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Airlines rush to fill a hole in the sky

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Just hours after officials at Prague Airport announced on Monday that they would suspend services to SkyEurope due to unpaid fees, the low-cost carrier announced it was filing for bankruptcy.

SkyEurope’s financial difficulties were apparent from its beginning seven years ago, Hospodářské noviny reported Wednesday. The low-cost carrier lost CZK 59 million last year alone. The troubles intensified in January when a leasing company confiscated one of its aircraft.

The collapse of the airline this week left thousands of passengers stranded. Other airlines immediately stepped up to fill the void. Czech Airlines (ČSA) and discount carriers Smart Wings, Easy Jet and Wizz Air began offering discounted one-way tickets.

ČSA and Wizz Air are offering replacement tickets to SkyEurope passengers with valid bookings for EUR 50 and EUR 30, respectively. “We heard from many callers who wanted to book a substitute ticket,” ČSA head of communications Hana Hejsková told Lidové noviny on Wednesday. “On an average day, our call centre processes about 500 such requests. Today, there were over 6,000.”

SkyEurope’s former competitors are planning to offer flights from Prague. SkyEurope made up about 5% of traffic at Ruzyně, Prague Airport spokeswoman Eva Krejčí told Bloomberg on Wednesday. Smart Wings wants to increase the number of its flights to Rome and Paris, Hospodářské noviny reported. Wizz Air wants to offer more flights and secure a third aircraft by June 2010, ČTK reported.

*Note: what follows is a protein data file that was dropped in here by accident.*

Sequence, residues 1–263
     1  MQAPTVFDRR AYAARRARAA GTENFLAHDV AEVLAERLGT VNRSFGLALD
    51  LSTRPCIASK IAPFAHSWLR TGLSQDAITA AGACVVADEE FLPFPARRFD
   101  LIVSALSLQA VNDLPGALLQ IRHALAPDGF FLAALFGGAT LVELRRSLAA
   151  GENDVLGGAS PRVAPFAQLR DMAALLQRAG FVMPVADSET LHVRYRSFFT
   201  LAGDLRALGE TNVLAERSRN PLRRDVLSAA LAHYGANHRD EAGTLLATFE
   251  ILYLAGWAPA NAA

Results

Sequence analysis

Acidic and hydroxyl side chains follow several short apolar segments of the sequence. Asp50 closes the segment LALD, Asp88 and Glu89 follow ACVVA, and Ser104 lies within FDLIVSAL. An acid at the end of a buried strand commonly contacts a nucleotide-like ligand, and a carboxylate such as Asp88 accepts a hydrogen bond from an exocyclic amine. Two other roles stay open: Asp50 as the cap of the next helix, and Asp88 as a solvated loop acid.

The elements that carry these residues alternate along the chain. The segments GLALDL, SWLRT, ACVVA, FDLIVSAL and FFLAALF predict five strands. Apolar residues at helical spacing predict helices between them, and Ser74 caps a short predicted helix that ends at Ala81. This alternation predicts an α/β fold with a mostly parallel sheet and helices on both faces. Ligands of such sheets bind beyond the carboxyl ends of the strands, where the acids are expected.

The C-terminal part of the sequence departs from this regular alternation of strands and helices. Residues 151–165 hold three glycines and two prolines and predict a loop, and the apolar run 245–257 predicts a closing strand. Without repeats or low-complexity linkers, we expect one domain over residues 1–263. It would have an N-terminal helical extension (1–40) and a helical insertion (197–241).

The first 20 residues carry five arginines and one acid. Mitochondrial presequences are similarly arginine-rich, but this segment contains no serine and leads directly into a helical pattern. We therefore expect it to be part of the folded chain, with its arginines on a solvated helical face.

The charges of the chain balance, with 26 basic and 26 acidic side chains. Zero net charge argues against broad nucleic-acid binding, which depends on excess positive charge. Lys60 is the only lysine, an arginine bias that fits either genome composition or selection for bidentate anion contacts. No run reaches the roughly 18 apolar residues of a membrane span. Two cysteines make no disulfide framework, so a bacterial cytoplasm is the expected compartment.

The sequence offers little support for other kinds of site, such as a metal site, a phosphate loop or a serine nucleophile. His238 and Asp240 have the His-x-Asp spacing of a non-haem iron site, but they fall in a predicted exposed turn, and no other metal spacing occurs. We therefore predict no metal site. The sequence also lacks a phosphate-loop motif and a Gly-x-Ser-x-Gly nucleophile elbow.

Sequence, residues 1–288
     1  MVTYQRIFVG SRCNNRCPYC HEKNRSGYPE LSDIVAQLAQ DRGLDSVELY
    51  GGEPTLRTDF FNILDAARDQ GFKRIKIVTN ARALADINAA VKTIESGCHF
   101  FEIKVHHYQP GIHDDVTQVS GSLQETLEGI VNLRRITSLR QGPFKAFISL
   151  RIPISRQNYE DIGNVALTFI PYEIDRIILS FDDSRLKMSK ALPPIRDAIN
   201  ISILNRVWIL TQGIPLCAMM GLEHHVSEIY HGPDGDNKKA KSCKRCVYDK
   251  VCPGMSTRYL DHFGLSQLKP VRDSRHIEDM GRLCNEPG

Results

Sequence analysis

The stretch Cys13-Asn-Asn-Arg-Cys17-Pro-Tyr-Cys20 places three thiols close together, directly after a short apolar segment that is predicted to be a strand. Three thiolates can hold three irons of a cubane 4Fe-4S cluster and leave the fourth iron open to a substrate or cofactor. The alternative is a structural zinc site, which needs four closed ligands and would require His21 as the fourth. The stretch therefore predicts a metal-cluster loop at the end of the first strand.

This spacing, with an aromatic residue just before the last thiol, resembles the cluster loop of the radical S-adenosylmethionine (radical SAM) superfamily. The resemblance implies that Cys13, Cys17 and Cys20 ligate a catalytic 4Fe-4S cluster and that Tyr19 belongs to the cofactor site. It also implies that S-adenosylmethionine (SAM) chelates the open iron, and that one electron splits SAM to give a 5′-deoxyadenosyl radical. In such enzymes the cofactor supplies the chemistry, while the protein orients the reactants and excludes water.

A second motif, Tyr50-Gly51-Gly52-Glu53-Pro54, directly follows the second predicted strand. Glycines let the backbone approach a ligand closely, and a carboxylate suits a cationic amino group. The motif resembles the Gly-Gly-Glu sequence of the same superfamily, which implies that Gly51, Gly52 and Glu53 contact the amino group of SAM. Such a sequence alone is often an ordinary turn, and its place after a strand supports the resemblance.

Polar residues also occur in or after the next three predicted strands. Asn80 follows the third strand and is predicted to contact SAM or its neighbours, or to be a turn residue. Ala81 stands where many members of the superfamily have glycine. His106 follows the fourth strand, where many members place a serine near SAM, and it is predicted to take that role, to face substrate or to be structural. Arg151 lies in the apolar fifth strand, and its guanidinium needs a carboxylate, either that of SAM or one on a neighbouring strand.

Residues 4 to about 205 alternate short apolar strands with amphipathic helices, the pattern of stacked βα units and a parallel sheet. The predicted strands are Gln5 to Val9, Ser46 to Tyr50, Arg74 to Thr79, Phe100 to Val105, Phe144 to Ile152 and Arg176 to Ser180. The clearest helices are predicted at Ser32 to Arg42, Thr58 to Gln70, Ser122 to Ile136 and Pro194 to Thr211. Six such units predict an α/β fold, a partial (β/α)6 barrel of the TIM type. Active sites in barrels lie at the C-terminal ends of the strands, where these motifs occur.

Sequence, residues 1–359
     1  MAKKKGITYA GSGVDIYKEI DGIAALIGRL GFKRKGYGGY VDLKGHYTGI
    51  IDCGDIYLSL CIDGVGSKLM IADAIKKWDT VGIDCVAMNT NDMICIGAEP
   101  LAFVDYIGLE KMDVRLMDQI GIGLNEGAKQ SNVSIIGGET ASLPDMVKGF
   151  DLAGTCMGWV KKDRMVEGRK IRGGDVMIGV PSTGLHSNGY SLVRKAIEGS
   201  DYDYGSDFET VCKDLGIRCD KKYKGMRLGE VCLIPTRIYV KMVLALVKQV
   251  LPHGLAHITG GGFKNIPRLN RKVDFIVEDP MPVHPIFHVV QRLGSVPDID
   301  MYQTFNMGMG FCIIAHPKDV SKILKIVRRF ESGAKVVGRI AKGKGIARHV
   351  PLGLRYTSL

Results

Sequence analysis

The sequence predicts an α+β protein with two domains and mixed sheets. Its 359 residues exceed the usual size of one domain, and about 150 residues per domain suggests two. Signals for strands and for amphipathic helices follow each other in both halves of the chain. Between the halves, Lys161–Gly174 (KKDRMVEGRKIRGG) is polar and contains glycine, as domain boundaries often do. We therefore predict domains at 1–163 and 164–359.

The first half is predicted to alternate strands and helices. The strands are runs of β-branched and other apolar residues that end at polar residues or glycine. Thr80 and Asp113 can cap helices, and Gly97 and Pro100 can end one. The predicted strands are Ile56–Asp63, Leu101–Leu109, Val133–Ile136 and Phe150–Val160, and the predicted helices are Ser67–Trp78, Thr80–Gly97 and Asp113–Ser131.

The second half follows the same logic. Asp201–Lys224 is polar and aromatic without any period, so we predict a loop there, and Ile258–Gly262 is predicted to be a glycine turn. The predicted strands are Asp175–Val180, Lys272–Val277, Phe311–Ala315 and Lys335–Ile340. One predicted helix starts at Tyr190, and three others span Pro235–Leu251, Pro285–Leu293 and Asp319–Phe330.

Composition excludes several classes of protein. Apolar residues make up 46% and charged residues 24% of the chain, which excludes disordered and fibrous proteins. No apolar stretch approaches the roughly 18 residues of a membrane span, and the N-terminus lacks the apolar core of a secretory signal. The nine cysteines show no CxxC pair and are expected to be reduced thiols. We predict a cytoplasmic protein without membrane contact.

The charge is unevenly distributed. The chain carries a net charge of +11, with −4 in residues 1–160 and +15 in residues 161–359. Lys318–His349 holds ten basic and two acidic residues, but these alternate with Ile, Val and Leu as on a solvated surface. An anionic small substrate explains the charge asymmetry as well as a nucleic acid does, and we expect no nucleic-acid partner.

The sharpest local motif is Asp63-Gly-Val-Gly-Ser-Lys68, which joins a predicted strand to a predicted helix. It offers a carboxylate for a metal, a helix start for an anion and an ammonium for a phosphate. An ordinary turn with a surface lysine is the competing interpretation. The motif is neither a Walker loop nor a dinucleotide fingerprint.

Coach operators anticipate tripled demand on international routes, Lidové noviny reported. Student Agency plans to offer more trips to all destinations once served by its coaches and by SkyEurope. Eurolines is offering one-way tickets to all its destinations for CZK 1,500 instead of the regular CZK 1,790–2,000.

Travel agencies and embassies are also helping SkyEurope clients return home, Hospodářské noviny wrote on Wednesday.

But not all travellers are so lucky. A number of SkyEurope’s former routes, such as Naples, are not served by airlines offering discounted deals. Passengers stranded there have no choice but to pay up high sums for new tickets. Flights to some popular destinations, including France, are overbooked for the coming week, Aktuálně.cz reported Wednesday.

The cancellation of flights could affect tens of thousands of Czech tourists, Tomio Okamura, spokesman for the Association of Czech Travel Agencies, told Aktuálně Tuesday.

SkyEurope’s media contact Ronald Schranz said that a “many passengers should get their money back” either from clients’ banks or through insurance from a partner retailer, Hospodářské noviny wrote Wednesday.

“So far we have registered about 200 such requests,” ČSOB spokesman Ivo Měštánek told Lidové noviny. “The bank is the facilitator of the transaction. So in case of complaints from a dissatisfied client, we are obliged to approach the other party with a request to redress it.”

Filling the gap
SkyEurope head Nick Manoudakis told the Slovak online daily Sme.sk that there was a slim chance for the airline to return.

Hospodářské noviny noted that SkyEurope’s most lucrative clientele were business travellers who appreciated the multiple daily flights for day-to-day business travel. It remains unclear whether they will pay ČSA’s substantially higher fares.

SkyEurope’s collapse has relieved pressure on its former competitors to keep prices low on certain routes. Cyrrus analyst Ondřej Moravanský told Aktuálně.cz Wednesday that tickets to such destination might now rise.

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